Prior to the Act, a taxpayer was allowed to (i) deduct state and local property taxes, and (ii) state and local income or sales taxes (whichever was greater). Additionally, a taxpayer was allowed to take the SALT Deduction without regard to any limitations (e.g., a cap on the amount paid that was deductible). If a taxpayer paid local real property tax of $7,000 (in connection with a personal residence), state income tax of $13,000, and state sales tax of $8,000 (related to personal costs), the taxpayer could deduct $20,000 ($7,000 in real property tax and $13,000 in state income tax (since the amount of state income tax paid was greater than the state sales tax paid)).
In terms of SALT Deduction utilization, taxpayers in all states take advantage of the SALT Deduction, albeit more so in traditionally Blue states and less frequently in Red states. In Maryland, Connecticut, New Jersey, the District of Columbia, and Virginia, for example, 41% of taxpayers utilized the SALT Deduction on their Federal income tax return. The taxpayers in these states took a SALT Deduction, on average, of $6,095.#2 On the other hand, in West Virginia, South Dakota, North Dakota, Tennessee, and Alaska, only 19% of taxpayers utilized the SALT Deduction; in these states the SALT Deduction, on average, amounted to $1,159 per taxpayer who was able to utilize it.#3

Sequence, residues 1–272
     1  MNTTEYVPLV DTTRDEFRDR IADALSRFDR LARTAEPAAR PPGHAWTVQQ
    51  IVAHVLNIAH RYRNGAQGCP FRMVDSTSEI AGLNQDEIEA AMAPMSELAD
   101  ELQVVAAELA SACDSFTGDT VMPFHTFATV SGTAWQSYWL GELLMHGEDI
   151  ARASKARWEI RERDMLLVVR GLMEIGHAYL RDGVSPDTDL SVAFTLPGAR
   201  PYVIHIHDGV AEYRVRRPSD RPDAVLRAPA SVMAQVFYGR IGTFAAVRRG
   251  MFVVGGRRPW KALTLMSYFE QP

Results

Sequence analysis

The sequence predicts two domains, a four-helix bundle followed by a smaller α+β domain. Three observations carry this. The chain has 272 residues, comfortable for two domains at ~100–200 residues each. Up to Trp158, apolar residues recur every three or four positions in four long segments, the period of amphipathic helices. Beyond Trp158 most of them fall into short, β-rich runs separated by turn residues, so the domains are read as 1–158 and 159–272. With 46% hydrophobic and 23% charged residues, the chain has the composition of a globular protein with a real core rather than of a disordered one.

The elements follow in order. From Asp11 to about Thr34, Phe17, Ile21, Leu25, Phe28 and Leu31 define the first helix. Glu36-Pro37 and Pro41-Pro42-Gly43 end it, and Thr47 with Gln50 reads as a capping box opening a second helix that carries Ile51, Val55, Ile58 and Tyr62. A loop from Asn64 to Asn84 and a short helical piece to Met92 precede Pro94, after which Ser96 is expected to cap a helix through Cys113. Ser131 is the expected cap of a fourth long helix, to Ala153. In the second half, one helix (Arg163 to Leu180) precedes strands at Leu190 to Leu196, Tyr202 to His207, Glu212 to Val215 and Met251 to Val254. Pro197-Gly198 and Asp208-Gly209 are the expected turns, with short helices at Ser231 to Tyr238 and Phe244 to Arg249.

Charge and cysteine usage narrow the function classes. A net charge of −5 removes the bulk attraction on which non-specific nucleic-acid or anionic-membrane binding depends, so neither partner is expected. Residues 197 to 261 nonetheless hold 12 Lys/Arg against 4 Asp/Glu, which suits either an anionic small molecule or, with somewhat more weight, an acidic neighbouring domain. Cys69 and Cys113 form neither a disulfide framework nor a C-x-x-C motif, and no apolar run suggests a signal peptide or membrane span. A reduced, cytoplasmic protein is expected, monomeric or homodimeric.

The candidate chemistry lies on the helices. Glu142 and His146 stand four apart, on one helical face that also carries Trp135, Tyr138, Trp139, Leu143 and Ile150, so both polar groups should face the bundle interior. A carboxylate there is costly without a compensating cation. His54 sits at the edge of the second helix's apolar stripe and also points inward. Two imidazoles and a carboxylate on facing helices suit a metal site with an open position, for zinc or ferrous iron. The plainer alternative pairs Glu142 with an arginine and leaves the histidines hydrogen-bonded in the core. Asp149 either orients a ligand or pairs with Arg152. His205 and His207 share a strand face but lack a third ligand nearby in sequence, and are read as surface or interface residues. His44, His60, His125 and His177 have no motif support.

Pursuant to the new Act, currently effective for tax years 2018-2025, Congress has modified the SALT Deduction by limiting the amount of a taxpayer’s total deduction for state and local taxes to $10,000 if the taxes are unrelated to a taxpayer’s trade or business or other profit-seeking activity.#4 Under the Act, and still assuming none of the state and local taxes in our previous example were paid in connection with a profit-seeking activity (e.g., an investment property), the taxpayer would be limited to taking a SALT tax deduction of $10,000, which is $10,000 less than the taxpayer’s SALT Deduction prior to Congress enacting the Act.
Across the country, state legislators and governors appear receptive to finding solutions or workarounds to the new $10,000 cap on the modified SALT Deduction. One solution gaining steam involves the reclassification or elimination of state and local property taxes as, or in favor of, employment or payroll taxes. Another popular workaround involves allowing a taxpayer to voluntarily pay state and local income tax: thereby allowing the taxpayer to classify the payment of state and local taxes as a charitable contribution (under the Act there is still no limit to a taxpayer’s amount of deductions for charitable contributions).
Given the high state and local tax burdens in a number of states, it seems likely that states will adopt legislation in favor of one or more of the above two approaches. Whether Congress attempts to find a bipartisan solution to states’ solutions to the much maligned $10,000 limitation on a taxpayer’s SALT Deduction, however, is another story altogether.
#1 Public Law 115-97, “An Act to provide for reconciliation pursuant to Titles II and V of the concurrent resolution on the budget for fiscal year 2018”.
#2 Top five (5) states, by percentage, with taxpayers utilizing the SALT Deduction.
#3 Bottom five (5) states, by percentage, with taxpayers utilizing the SALT Deduction.
#4 Internal Revenue Code §§ 164(a) and (b)(6).